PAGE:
We left the veritable lushness and beauty of being at the coast at Vina del Mar and traveled by bus (for 24 hours by the way!) to the dusty town of San Pedro de Atacama. San Pedro (as it is often called) is a rural adobe village in the North of Chile. It is 2436 metres above sea level and is located pretty much in the middle of the Atacama desert. It is the hub for all the excursions and activities in and around the desert and there are plenty. If you want to go into the desert on horseback, sandboard down the dunes, visit the salt flats, view Death Valley and Moon Valley, this is the place to do it all from. We decided that we would rest for a day or two, after the bus ride and then put lots of time into exploring the nearby desert and salt flats etc. So we booked our excursions up front and were flatout for the next 3 days (blogs and photos coming) but now, back to San Pedro.
It is a really quaint little village with just on 2000 inhabitants. It has pretty much all dirt road streets and almost all the buildings in the village are made of straw and mud, adobe in other words. The Church of San Pedro de Atacama is the centre of attraction in town and was declared a national monument in 1951. Instead of nails being used in its contruction, leather strips were used and the buildings walls were made of Adobe and the roof of Chanar and Algarrobo. The ceiling is covered with cactus and mixed with mud and straw. It is an impressive building and it has been amazing to see how mud homes can stand for such a long time. Of course it works pretty well here in the Atacama because the Atacama only has approx 1 mm of rain per annum…
Oh, one other thing, did I mention that there is a Volcano, a few kms from San Pedro called Licancabur? Well, there is and it is 5920m above sea level (that is a little taller than Mt Kilimanjaro) but not very active. The really dangerous volcano is literally just down the road called Lascar Volcano and that one IS active, it is the most active volcano in the whole Andean mountain range. In fact when were on one of our excursion I saw smoke rising from its summit and the tour guide confirmed that indeed it was steam from the volcano, but not to worry as the plume was not vertical, if it is then its a problem. According to all the stats, Lascar is due to have another BIG eruption this year….fantastic!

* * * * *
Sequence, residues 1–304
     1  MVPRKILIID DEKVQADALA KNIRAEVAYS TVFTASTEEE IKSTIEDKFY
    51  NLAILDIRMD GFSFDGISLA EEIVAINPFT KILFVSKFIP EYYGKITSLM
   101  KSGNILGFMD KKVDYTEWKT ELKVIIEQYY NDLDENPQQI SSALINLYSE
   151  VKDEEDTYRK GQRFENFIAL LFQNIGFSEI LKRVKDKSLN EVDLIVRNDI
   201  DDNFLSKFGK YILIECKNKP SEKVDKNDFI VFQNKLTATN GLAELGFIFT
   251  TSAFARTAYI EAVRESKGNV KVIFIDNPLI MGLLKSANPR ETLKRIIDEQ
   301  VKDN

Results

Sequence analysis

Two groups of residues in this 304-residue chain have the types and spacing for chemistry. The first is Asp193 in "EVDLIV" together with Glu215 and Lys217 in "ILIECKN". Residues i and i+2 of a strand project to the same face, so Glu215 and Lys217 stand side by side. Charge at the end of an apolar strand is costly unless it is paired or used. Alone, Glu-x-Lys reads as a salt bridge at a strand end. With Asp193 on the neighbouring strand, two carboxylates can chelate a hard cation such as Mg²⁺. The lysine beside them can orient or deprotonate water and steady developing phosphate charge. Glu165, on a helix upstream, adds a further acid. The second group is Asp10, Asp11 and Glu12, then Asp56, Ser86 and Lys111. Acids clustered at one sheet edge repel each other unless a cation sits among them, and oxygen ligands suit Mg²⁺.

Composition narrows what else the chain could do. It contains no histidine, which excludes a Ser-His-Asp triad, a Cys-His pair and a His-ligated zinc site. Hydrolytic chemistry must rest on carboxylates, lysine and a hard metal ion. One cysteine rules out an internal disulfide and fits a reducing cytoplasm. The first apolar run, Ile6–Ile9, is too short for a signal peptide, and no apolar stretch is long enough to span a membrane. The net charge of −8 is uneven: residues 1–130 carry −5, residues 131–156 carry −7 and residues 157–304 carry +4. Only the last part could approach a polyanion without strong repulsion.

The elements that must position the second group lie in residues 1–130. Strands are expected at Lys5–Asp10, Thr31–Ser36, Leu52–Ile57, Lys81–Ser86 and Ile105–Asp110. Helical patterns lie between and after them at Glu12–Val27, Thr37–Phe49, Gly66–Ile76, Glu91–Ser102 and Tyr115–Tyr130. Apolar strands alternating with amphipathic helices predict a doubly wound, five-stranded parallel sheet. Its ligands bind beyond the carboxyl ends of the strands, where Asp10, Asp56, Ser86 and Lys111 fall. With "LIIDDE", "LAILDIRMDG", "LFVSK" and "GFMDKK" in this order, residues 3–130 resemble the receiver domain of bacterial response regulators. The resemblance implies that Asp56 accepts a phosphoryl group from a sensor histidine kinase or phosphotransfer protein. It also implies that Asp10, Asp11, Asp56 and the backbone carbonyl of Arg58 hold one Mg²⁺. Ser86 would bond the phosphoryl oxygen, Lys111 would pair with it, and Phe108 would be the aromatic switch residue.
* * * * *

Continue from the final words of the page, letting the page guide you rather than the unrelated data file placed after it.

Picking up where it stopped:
On our first night here we did an astronomy tour. We went out to an astronomers house in the desert and for about 1 and a half hours he told us about the night sky. The sky out here is amazing because of 3 reasons. First, there is almost no light pollution from any big city and secondly, there is very little to no cloud cover ever and thirdly there is no air pollution. So the stars seem so bright and near you feel like you can almost touch them. After his talk we then went out into the garden and he has about 8 big telescopes set up to view different part of the sky, so we got a really close up view of Saturn, Mars, the Tarantula Nebula in the Magellenic Galaxy, Omega Centauri and a portion of the Milky way. It was an amazing evening and we came back with a renewed respect of our magnificent galaxy and we realized just how small we really are when we look at the scale an size of the universe that God has created, simply astounding.
The next day we went off to the Moon Valley, that post will follow soon!